Mr. Fish

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A little known symptom of dyslexia is speech impairment. I can not speak for all the people with dyslexia; but, for me this is one of the hardest part. My reading and input of information is intact(for many with dyslexia these are not);so, my thought patterns are in the normal range. My output is flawed. Thanks to spell check my spelling is improved. I can tell the correct spelling when presented with a list of words closely related. Now with technological advances I can write quite well and with time my handwriting is nice, too.

My problem is verbal communication. The speech impairment limits my vocabulary in many ways. Take the word mischievous. I know what mischievous means; to be in the mood to make minor trouble, ie. pranks. I write mischievous and I can hear it correctly in my head. I can not say it. Somewhere between my head and my mouth “mischievous” becomes Mr. Fish (mis-ta-fish).

Even I laugh at that in certain context. I have tried many times to say mischievous the right way and the closest I have come is mis-chee-fis-us. The first time is almost always a New England Style Mr. Fish. Again this is funny; until I realize it really limits my ability to communicate effectively. It makes me look stupid. For this reason I avoid saying mischievous altogether. Instead of “You are being Mr. Fish,” I say, “You are up to no good.” This limits what I really want to say and possibly making people think I do not know what I am talking about.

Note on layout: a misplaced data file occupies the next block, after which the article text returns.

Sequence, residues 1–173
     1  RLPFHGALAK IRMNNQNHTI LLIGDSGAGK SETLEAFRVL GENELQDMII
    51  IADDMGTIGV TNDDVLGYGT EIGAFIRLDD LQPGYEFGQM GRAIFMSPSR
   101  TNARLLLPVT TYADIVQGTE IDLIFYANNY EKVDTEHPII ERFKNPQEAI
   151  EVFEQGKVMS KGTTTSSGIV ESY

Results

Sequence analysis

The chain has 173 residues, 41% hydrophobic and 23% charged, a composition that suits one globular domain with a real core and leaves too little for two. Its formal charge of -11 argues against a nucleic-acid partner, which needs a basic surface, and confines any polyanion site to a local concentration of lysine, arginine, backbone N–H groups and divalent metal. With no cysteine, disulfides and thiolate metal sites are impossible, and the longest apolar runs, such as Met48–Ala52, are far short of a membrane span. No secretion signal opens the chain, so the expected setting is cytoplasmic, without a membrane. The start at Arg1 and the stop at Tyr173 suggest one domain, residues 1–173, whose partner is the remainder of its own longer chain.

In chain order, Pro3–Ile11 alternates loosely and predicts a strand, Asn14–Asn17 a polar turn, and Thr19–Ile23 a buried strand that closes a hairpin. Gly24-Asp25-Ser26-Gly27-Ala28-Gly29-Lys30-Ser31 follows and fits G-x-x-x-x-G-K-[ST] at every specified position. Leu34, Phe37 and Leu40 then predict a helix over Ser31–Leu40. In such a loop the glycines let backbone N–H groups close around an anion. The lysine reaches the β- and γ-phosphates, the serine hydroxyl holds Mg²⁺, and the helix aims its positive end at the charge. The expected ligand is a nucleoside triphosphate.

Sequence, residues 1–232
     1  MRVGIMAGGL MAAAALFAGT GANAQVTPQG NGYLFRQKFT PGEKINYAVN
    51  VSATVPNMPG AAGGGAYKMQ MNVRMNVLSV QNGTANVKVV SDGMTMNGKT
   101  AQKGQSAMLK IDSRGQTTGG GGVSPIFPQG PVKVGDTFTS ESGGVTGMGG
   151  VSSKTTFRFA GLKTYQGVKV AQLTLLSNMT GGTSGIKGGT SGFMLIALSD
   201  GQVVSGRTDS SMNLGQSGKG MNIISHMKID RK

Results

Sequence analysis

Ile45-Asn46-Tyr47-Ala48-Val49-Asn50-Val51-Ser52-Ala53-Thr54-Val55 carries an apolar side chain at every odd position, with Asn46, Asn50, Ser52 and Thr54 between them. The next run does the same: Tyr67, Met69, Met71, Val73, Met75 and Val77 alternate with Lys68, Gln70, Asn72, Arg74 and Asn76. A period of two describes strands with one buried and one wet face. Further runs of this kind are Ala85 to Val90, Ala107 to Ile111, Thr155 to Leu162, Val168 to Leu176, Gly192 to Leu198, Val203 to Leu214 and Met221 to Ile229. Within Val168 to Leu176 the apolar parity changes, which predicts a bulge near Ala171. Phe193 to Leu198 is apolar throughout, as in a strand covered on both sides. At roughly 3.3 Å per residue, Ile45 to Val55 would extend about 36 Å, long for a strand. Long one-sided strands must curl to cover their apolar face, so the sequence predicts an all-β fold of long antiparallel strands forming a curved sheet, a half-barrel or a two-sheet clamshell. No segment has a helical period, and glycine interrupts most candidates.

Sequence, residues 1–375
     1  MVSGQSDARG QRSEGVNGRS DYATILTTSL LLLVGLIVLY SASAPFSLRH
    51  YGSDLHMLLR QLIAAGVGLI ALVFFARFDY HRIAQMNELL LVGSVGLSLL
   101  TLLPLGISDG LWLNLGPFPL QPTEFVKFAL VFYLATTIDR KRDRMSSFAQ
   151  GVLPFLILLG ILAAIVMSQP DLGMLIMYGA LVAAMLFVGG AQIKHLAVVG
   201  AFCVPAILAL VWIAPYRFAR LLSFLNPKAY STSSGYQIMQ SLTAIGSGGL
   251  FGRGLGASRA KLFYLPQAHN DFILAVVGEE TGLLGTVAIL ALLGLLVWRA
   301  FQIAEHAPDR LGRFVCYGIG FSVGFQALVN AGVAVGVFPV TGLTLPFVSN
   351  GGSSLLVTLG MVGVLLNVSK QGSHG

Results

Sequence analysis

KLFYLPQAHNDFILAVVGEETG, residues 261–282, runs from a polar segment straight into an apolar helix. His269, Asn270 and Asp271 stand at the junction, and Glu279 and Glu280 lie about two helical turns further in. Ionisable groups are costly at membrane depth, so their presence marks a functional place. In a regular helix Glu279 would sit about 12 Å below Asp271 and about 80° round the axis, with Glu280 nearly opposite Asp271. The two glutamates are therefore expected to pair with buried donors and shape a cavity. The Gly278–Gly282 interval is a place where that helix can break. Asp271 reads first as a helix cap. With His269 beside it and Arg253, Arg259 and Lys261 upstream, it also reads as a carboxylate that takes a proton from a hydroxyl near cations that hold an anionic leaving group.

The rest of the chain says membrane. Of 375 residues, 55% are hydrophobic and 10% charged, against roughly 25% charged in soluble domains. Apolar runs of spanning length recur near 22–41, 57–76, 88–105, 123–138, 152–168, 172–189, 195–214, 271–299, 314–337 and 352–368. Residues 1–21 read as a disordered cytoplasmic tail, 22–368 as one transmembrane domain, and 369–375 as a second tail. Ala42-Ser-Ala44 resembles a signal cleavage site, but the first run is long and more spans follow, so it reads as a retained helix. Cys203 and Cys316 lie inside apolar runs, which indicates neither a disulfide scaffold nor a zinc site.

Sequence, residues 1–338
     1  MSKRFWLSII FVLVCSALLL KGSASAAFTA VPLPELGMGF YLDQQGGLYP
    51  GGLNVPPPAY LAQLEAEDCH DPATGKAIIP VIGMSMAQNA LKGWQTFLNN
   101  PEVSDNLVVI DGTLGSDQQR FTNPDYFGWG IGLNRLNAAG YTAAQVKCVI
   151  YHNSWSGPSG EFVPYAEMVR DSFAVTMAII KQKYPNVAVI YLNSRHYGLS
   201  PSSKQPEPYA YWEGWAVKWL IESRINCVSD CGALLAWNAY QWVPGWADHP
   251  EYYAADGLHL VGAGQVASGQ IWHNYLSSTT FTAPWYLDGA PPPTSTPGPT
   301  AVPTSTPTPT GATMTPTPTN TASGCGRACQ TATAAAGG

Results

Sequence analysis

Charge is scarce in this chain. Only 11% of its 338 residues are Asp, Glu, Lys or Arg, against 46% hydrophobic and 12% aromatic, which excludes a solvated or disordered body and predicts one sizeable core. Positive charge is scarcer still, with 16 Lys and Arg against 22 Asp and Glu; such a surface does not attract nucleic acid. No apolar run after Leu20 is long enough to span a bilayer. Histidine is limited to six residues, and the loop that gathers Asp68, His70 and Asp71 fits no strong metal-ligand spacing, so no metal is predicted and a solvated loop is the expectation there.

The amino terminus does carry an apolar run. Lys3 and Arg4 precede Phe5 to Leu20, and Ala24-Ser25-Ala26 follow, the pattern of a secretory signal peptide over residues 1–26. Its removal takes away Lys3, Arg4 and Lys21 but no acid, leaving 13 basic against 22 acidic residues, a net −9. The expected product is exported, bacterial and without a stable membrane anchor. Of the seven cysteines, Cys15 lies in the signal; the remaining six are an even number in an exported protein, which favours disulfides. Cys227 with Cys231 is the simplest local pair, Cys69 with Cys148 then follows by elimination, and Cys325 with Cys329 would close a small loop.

This is the reason many people think I am/was slow. Especially when I was a child and had handwriting issues. I could read; but, not aloud(think Maggie in In Her Shoes) and that what was tested. I had great ideas; but, nobody could read my handwriting. I had all of this knowledge and no way to express it. Stuck inside your own mind is a lonely place to be.

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